Customer experience and employee experience: the two are not merely related. They’re mirror images of each other. Not every company recognizes the familial relationship—the symmetrical smiles and painful frowns—between the two key faces of business. But they should, because the sooner they do, the more successful they will become.
The mutuality between customers and employees, the way in which each group directly affects the other’s experience, is undeniable. Because of this, much care must be taken in designing for both groups. You must, as we did in our digital wayfinding project for Southwest Airlines, work to improve things for both the people serving and the people being served—the new system soothed passenger anxiety by providing clear, human-centered boarding information and allowed employees to focus on meaningful customer-service tasks—if you want to make true change.
The mutuality between customers and employees, the way in which each group directly affects the other’s experience, is undeniable.
If an organization seeks to have a healthy business (one featuring regular financial growth, satisfied, long-term customers, and loyal and engaged employees), it needs to revise Newton’s Third Law to read as follows: “For every action towards customers, there is an equal and opposite reaction towards employees.”
Firms that strive to be customer-centered, but fail to think about the impact on employees, will find themselves ultimately injuring their bottom line and their culture. We’re talking about the organizational version of work-life balance.
“Employee experience and customer experience is ultimately around organizational cultural change,” says Bentley sociologist Gary David in a recent episode of The Resonance Test.
Good experience has a price… but it’s well worth paying because it’ll cost your organization if you don’t. What does a good experience cost? Well, it’s an investment of getting to know what’s really going on with the people who buy from and work for you.
Tom Peters encourages management by wandering around, or MBWA, and for executives to enjoy it: “If it’s not a kick to be out with your team in the distribution center at 1 a.m…. You. Are. In. The Wrong. Job.”
At EPAM Continuum we take MBWA even farther when we do ride-alongs, which we memorably did with our future of first response project, in which we put designers on the back of firetrucks and into ambulances, even sending them into a double homicide investigation and a bomb scare. This immersion in the world of first responders provided insights that led to a slew of innovative ideas that we went on to prototype and test with real users.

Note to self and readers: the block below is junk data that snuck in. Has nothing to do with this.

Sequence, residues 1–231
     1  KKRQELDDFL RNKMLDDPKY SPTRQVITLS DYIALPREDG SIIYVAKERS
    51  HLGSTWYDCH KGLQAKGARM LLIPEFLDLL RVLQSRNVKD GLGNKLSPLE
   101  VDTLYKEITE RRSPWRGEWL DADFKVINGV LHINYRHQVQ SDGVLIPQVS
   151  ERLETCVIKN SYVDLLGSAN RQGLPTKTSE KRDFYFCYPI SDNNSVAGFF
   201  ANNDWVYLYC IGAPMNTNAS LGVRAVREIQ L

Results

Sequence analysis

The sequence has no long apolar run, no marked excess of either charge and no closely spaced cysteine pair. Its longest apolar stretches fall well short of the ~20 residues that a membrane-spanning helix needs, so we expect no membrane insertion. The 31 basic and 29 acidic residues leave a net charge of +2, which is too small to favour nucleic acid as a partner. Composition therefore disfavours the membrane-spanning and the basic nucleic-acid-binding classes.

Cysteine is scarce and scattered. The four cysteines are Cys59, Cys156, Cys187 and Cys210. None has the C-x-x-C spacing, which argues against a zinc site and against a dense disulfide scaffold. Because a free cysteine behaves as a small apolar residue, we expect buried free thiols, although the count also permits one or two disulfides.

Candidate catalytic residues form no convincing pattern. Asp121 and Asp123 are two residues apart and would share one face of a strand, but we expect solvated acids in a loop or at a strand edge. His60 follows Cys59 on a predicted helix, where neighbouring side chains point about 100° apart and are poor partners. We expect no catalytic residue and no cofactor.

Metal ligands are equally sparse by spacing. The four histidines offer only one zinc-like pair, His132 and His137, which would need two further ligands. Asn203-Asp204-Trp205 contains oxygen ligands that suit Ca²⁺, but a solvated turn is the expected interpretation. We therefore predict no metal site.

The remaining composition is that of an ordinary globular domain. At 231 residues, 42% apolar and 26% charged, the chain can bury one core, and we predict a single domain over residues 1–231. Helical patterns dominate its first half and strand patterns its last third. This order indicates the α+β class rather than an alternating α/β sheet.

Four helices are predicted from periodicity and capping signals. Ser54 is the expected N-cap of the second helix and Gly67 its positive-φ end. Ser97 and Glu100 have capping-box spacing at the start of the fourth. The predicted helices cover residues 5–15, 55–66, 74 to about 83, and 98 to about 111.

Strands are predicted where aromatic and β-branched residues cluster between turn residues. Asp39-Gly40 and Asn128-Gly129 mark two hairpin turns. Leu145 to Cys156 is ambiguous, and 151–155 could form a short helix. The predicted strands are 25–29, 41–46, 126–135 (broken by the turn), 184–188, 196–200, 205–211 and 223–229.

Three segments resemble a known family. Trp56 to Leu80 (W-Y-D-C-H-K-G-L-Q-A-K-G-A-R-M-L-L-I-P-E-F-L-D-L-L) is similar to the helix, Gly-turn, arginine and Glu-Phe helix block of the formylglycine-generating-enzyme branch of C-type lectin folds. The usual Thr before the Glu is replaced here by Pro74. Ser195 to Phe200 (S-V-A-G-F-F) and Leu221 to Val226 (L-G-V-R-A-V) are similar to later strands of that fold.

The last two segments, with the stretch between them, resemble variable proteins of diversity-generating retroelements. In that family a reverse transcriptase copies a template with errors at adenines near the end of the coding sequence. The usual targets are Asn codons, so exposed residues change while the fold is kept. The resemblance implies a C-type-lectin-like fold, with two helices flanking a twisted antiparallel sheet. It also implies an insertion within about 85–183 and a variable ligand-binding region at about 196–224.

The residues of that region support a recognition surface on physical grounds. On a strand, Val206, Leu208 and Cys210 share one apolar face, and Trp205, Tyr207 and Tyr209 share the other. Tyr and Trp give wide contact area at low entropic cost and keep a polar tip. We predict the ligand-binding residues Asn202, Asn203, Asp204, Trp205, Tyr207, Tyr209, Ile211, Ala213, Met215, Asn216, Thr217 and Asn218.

The trick is setting the proper expectations for each group. Your customers and your employees have an unarticulated sense of what defines a good experience for each. You must learn what this is and learn to meet or exceed it, and to ensure, as your business progresses, that you continue to do so.
Let’s assume that you can identify the most positive aspect of your CX—the one your organization prides itself on.
Take a look at the experience and consider it carefully: What role do employees have in this particular excellence? Are they aware of this role? Do they care? Are they incentivized to care? Does enhancing the CX take away much-valued employee autonomy? Have some honest conversations about this. Try to identify the work that goes into creating this superior CX.
Good experience has a price… but it’s well worth paying because it’ll cost your organization if you don’t.
It is an excellent idea to get a first-hand understanding of how frontline employees create these experiences, and how they feel about implementing them. You want employees to feel heard. You could also share ideas of potential innovations for customers and ask for their thoughts on how these could affect them. Get employee input on new ideas before you roll them out, so they feel included and you'll understand their impact. Talking to employees about their vision of the future and their role in it, and to customers about what they’d like to see, would be profoundly enlightening and would be the first step toward backcasting your way toward it.
If you do this with sufficient skill and empathy, you will know what the parameters of CX excellence are, and possibly even the elements of the job that are unpleasant or unbearable.
You might find yourself lucky enough to have employees with a cast member- like devotion to customers… who find it a mere pleasure to serve… or you might just discover that there are unsuspected costs to providing excellent service. Either way, uou’ll soon see that both sides of the equation are needed to balance in order to have a healthy business environment.
Keep in mind the revised Newtonian framework and you’ll never take your employees, or your customers, for granted again.